Trends in HIV and HCV Risk Behaviors and Prevalent Infection Among People Who Inject Drugs in New York City, 2005–2012

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Abstract

Background:

We assess trends in HIV and hepatitis C virus (HCV) risk behaviors and prevalent infection among people who inject drugs (PWID) in New York City (NYC).

Methods:

PWID in NYC were sampled using respondent-driven sampling in 2005, 2009, and 2012 (serial cross sections) for the Centers for Disease Control and Prevention–sponsored National HIV Behavioral Surveillance study. Participants were interviewed about their current (≤12 months) risk behaviors and tested for HIV and HCV. The crude and adjusted risk ratio (RR) and 95% confidence interval (95% CI) for linear time trends were estimated using generalized estimating equations regression with a modified Poisson model.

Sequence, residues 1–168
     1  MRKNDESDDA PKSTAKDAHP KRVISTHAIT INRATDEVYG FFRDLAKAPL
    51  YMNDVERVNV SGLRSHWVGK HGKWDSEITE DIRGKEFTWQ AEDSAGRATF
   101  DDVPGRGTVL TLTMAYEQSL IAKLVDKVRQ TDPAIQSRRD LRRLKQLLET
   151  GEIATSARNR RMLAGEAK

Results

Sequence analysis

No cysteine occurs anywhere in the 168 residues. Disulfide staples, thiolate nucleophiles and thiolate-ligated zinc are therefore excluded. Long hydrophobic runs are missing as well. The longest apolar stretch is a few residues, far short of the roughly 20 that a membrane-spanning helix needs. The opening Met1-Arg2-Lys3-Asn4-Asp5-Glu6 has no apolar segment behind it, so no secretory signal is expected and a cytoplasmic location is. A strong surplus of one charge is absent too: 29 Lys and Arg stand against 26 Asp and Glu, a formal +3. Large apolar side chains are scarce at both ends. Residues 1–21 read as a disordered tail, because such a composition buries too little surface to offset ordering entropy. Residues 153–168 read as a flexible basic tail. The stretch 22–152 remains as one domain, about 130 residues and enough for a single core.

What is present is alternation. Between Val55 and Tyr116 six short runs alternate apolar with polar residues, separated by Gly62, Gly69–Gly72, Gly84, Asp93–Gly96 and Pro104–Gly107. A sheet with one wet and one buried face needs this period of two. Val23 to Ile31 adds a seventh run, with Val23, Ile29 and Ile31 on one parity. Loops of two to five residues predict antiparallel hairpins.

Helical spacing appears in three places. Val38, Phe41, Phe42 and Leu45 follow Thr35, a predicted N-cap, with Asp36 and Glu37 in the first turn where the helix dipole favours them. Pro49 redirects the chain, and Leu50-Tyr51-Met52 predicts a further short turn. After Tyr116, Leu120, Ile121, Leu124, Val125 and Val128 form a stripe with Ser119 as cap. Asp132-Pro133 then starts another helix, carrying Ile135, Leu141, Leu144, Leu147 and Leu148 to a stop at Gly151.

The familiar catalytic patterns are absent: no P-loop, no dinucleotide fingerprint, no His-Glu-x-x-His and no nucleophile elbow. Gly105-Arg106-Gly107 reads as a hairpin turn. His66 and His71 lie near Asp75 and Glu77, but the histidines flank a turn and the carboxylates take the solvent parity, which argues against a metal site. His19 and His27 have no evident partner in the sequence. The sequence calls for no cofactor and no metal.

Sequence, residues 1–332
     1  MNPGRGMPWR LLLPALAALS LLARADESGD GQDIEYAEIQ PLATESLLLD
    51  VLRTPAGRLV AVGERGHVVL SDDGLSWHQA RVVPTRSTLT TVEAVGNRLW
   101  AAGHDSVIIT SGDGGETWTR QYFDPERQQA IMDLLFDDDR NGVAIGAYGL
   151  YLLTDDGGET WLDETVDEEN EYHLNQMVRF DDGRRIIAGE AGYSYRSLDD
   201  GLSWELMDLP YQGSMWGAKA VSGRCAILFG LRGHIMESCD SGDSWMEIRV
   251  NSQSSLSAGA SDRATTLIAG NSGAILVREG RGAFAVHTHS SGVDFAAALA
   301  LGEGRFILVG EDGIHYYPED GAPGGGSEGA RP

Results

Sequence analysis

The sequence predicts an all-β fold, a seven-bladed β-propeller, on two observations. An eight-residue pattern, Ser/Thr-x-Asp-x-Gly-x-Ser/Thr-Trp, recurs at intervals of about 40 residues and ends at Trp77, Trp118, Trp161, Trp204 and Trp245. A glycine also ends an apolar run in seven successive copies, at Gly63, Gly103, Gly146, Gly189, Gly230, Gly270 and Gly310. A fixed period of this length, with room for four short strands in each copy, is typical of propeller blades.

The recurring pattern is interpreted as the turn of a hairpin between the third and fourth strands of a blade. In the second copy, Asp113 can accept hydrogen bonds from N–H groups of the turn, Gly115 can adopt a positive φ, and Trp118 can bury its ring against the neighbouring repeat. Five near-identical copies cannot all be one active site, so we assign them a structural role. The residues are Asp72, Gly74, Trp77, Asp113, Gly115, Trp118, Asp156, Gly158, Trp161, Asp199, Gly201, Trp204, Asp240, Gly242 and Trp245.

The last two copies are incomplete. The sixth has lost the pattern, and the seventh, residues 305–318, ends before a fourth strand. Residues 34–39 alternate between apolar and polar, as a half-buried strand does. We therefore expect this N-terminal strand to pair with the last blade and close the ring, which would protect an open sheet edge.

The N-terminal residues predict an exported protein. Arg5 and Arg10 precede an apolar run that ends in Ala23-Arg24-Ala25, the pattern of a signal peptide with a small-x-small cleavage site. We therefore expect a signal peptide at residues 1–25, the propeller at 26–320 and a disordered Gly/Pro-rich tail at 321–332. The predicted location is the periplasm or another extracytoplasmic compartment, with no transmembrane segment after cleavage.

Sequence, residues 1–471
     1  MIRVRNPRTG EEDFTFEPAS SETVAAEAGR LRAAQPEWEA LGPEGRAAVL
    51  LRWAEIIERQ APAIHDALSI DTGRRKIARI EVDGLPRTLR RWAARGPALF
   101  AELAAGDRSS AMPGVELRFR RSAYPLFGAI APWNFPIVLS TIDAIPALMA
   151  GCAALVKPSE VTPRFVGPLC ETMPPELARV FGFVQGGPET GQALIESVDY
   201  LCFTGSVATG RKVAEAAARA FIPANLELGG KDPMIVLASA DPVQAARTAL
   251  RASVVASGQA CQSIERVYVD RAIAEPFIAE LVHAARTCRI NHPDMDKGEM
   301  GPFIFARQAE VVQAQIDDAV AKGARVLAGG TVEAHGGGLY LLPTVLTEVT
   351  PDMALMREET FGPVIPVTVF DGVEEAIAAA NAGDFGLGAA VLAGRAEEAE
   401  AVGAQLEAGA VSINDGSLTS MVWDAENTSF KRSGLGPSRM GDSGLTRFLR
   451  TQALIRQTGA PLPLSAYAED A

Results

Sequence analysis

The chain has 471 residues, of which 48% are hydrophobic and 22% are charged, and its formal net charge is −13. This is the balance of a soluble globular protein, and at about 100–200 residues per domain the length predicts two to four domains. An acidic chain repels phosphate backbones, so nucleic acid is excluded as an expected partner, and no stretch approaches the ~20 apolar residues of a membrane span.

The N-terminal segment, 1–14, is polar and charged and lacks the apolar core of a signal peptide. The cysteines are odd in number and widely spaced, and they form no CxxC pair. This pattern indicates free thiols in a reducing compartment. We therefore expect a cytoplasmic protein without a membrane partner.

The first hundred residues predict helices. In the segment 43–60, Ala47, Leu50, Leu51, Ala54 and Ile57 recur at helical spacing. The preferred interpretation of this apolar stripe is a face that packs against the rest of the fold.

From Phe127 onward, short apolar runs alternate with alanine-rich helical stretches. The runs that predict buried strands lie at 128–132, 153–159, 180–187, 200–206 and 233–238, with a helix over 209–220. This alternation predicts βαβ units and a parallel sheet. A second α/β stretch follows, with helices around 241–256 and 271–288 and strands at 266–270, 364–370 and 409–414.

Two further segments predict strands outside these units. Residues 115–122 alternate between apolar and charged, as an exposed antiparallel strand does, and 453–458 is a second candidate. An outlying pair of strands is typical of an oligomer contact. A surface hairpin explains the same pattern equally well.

Results:

The sample comprised 500, 514, and 525 participants in 2005, 2009, and 2012, respectively. Significant (P < 0.05) linear trends in risk behaviors included a decline in unsafe syringe sources (60.8%, 31.3%, 46.7%; RR = 0.86, 95% CI: 0.81 to 0.92), an increase in all syringes from syringe exchanges or pharmacies (35.4%, 67.5%, 50.3%; RR = 1.15, 95% CI: 1.09 to 1.22), and an increase in condomless vaginal or anal sex (53.6%, 71.2%, 70.3%; RR = 1.14, 95% CI: 1.09 to 1.19). Receptive syringe sharing (21.4%, 27.0%, 25.1%), sharing drug preparation equipment (45.4%, 43.4%, 46.7%), and having ≥2 sex partners (51.2%, 44.0%, 50.7%) were stable. Although HIV seroprevalence declined (18.1%, 12.5%, 12.2%), HCV seroprevalence was high (68.2%, 75.8%, 67.1%). In multivariate analysis, adjusting for sample characteristics significantly associated with time, linear time trends remained significant, and the decline in HIV seroprevalence gained significance (adjusted RR = 0.76, 95% CI: 0.64 to 0.91, P = 0.003).

Conclusions:

This trend analysis suggests declining HIV prevalence among NYC PWID. However, HCV seroprevalence was high and risk behaviors were considerable. Longitudinal surveillance of HIV and HCV risk behaviors and infections is needed to monitor trends and for ongoing data-informed prevention among PWID.

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